Bradycardia and asystole with the use of vagus nerve stimulation for the treatment of epilepsy: a rare complication of intraoperative device testing

Epilepsia. 1999 Oct;40(10):1452-4. doi: 10.1111/j.1528-1157.1999.tb02019.x.


Purposes: A 56-year-old man with mild mental retardation, right congenital hemiparesis, and refractory partial seizures was referred for vagus nerve stimulation (VNS).

Methods: Routine lead diagnostic testing during the surgical procedure (1.0 mA, 20 Hz, and 500 micros, for approximately 17 s) resulted, during the initial two stimulations, in a bradycardia of approximately 30 beats/min. A third attempt led to transient asystole that required atropine and brief cardiopulmonary resuscitation.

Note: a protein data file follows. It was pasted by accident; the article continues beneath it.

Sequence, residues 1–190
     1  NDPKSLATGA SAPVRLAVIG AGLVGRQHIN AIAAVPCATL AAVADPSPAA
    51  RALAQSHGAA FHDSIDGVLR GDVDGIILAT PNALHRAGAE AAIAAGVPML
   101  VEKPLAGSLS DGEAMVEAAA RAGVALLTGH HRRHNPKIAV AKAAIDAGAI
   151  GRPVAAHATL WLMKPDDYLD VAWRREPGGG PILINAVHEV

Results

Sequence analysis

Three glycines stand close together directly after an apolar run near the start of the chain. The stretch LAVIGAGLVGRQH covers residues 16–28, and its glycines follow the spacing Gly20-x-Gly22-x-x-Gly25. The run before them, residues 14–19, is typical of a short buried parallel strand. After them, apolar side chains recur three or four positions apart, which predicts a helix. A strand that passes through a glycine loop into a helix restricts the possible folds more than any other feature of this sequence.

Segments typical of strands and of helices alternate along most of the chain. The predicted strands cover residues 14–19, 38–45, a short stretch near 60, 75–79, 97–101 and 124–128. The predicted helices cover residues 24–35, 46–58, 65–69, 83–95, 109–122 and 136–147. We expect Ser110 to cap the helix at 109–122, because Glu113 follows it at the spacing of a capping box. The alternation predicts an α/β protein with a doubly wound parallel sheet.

Results: The procedure was immediately terminated, the device removed, and the patient recovered completely. A postoperative cardiologic evaluation, including an ECG, 24-h Holter monitor, echocardiogram, and a tilt-table test, was normal.

Conclusions: Possible mechanisms for the bradycardia/asystole include stimulation of cervical cardiac branches of the vagus nerve either by collateral current spread or directly by inadvertent placement of the electrodes on one of these branches; improper plugging of the electrodes into the pulse generator, resulting in erratic varying intensity of stimulation; reverse polarity; and idiosyncratic-type reaction in a hypersusceptible individual. The manufacturer reports the occurrence rate in approximately 3,500 implants for this intraoperative event to be approximately one in 875 cases or 0.1%.

Publication types

  • Case Reports

MeSH terms

  • Bradycardia / etiology*
  • Electric Stimulation Therapy / adverse effects*
  • Electric Stimulation Therapy / instrumentation*
  • Epilepsy / surgery*
  • Epilepsy, Complex Partial / surgery
  • Equipment Failure
  • Heart Arrest / etiology*
  • Humans
  • Intraoperative Complications / etiology*
  • Male
  • Middle Aged
  • Vagus Nerve / physiology*